Here’s another dive into the “Finding My Way” series with the topic at hand asking about having “fans” or having “followers.”
In today’s industries, attention has become currency and content its cashier. It would seem like the one with the best content (quality or quantity) is king/queen of the hill for the day.
The only thing wrong with this construct (besides its lifespan), is its conversion in the real world. I’ve seen far too many times where artists boast of their tens of thousands of fans and millions of streams but struggle to get more than 20 people to come out to a show down the street. An artist can seemingly go viral online but in the real world pass unknown. Today I’d like to dive into why.
From a textbook perspective, Fans (short for fanatic) are those who obsess about a subject or figure. Typically people are fans of athletes, teams, and popular figures. Fans are usually known by large amounts of paraphernalia related to the person or thing they’re a fan of (MESSAGE). It’s been my personal experience from my fans, that they take every opportunity to engage with me as possible. Though I don’t have very many “fans” right now, the ones I do consistently support whatever I do.
If it’s a t-shirt I created, they buy at least one, if it’s an album, they PURCHASE it, if it’s an interview or announcement, they respond and share it. In some kind of way, my true fans always engage my material and if they make it a point to connect with it all, they are what’s called a “superfan.” It doesn’t take very many and I think I have like 5 so far, but artists make their careers off of fans and super fans who support EVERYTHING that the artist puts out.
Followers are different and have a strong interest in the content of a particular personality or account but the engagement is far less. The harsh reality is that followers are like the “friend with benefits” and tend to only be around as long as the benefit (usually entertainment) is present. The fan is committed through the ups and downs and is willing to invest time and money to show it. The fan wants to give back to the artist, at times as an act of gratitude.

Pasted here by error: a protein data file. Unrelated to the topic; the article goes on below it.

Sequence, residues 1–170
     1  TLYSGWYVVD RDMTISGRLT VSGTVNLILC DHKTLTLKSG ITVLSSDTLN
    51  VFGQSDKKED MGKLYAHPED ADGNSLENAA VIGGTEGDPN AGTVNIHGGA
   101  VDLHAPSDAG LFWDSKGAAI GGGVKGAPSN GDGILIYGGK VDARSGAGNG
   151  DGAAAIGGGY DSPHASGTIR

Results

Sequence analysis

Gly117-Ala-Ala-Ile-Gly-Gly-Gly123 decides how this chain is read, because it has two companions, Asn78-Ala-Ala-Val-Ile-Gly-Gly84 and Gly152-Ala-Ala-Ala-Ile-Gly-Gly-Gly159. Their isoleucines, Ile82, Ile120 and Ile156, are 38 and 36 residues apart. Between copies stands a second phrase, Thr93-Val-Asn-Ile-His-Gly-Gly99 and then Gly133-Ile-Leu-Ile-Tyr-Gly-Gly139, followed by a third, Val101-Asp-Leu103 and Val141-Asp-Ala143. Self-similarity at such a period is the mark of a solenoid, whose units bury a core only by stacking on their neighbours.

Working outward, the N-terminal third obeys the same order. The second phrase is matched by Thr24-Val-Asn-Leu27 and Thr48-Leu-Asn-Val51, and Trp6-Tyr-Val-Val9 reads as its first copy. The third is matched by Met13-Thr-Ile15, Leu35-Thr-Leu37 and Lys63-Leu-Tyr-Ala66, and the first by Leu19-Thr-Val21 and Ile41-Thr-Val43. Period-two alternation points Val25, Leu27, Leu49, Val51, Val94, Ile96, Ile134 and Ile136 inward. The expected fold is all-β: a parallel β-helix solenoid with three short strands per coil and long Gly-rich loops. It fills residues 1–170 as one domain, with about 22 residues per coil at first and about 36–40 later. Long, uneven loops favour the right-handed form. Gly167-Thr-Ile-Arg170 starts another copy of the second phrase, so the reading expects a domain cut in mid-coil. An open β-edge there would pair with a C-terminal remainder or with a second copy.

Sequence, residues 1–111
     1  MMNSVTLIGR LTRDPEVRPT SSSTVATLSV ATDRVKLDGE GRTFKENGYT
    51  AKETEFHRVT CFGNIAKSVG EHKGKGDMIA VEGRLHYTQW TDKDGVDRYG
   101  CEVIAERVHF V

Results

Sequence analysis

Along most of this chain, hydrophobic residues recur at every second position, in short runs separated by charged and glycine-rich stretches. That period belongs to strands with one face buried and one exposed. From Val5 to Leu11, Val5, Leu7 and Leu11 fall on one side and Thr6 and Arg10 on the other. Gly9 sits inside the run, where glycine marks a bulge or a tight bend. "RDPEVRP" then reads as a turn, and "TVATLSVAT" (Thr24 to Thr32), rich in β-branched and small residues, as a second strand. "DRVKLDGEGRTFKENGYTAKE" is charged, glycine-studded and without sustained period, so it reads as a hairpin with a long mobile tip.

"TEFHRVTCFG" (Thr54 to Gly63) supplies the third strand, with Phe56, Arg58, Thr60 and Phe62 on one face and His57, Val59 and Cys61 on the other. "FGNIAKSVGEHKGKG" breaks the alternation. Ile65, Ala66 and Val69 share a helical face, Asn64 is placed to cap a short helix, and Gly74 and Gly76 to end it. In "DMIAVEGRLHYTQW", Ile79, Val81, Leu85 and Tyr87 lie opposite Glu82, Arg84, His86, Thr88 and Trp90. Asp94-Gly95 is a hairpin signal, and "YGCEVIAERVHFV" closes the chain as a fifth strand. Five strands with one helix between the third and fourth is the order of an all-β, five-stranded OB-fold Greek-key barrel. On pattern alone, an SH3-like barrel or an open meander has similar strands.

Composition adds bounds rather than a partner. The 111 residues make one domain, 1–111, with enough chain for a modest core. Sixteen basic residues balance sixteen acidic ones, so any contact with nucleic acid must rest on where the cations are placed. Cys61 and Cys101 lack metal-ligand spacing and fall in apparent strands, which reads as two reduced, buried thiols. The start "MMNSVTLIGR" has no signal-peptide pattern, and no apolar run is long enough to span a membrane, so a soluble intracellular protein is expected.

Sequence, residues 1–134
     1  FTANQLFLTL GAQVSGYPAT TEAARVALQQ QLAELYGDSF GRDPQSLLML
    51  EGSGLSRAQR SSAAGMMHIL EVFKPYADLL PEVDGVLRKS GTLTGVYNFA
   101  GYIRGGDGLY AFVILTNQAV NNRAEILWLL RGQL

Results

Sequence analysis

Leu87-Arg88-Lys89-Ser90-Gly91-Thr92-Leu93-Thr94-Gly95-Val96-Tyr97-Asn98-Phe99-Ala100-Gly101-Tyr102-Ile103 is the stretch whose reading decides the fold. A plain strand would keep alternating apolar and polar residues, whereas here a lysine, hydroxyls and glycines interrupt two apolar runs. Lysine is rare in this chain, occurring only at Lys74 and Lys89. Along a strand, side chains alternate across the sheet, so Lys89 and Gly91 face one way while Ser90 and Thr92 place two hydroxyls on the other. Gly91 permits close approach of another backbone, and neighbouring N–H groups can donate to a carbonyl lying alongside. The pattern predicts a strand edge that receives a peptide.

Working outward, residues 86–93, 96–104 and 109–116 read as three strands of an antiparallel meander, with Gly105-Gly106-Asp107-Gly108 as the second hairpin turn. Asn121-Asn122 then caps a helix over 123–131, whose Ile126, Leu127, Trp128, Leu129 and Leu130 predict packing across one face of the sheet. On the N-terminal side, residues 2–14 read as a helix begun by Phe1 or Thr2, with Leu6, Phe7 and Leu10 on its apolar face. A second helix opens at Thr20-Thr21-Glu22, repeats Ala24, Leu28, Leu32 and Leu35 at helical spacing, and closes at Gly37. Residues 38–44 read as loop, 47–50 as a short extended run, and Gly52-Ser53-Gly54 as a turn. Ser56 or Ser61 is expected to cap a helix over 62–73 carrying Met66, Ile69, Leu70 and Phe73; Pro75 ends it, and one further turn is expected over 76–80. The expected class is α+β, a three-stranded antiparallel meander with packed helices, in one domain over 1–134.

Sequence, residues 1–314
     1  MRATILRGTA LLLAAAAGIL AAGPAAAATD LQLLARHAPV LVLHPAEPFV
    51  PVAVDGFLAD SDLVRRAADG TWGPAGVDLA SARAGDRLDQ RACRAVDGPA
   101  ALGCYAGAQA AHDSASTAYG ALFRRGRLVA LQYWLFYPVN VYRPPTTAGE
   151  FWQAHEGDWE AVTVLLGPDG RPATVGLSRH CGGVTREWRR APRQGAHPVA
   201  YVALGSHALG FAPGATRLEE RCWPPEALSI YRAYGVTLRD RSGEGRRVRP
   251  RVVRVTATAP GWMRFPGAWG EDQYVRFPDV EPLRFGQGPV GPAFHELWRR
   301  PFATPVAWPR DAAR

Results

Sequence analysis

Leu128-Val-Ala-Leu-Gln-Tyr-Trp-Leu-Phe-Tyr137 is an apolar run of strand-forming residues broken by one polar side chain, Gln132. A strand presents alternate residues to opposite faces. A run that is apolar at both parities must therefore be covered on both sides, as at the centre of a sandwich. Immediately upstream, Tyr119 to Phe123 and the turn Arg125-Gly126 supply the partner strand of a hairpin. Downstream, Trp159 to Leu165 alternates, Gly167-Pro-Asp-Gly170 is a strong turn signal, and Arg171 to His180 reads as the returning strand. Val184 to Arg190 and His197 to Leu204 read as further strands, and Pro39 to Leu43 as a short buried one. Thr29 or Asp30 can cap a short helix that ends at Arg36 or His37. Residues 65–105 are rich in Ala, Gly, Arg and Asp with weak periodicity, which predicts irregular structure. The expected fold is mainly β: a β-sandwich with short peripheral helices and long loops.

To put it plainly, both are consumers, but one will only consume your free content while the other is willing to pay attention and money. I have a lot more followers currently than fans and the reality is, it’s not entirely because of an algorithm. It’s the content. I recently learned that the difference between my content that gets the attention of thousands vs the content that gets the attention of tens is a reflection of how valuable the content is to them. I hope the picture is becoming clearer why the two aren’t synonymous.
So the question then becomes, “Well, how do I turn my followers to fans/customers?” This is the question that every 2020 entrepreneur has asked and every Instagram guru has attempted to answer.
Content that Converts (a phrase I picked up from my guru of choice @MahdiWoodard), is primarily based on what benefit your service is to the consumer. It’s one thing for someone to see your post and like it out of support, it’s a totally different thing for them to like it because they connect with it. That LIKE is usually accompanied by a comment, and if they are really moved, a follow and a share. Over time, these social media engagements breed trust and the viewer feels indebted because they’ve received so much from your content. At this point, they are searching for ways to say thank you.
For us artists, that level of loyalty is usually lifetime and applies to anything we produce; shirts, posters, tickets sales, hats, wristbands…anything that is a product from the artist’s brand.
I believe followers bring attention to your brand, but fans are those who support & sustain it. There’s this concept of brand equity and to transition followers to fans, you simply have to build enough of it. Consistent content (not perfect) is the first step to establishing value and trust in your brand. Make sure when you post, there’s something of value and worth for those who will see and consume it.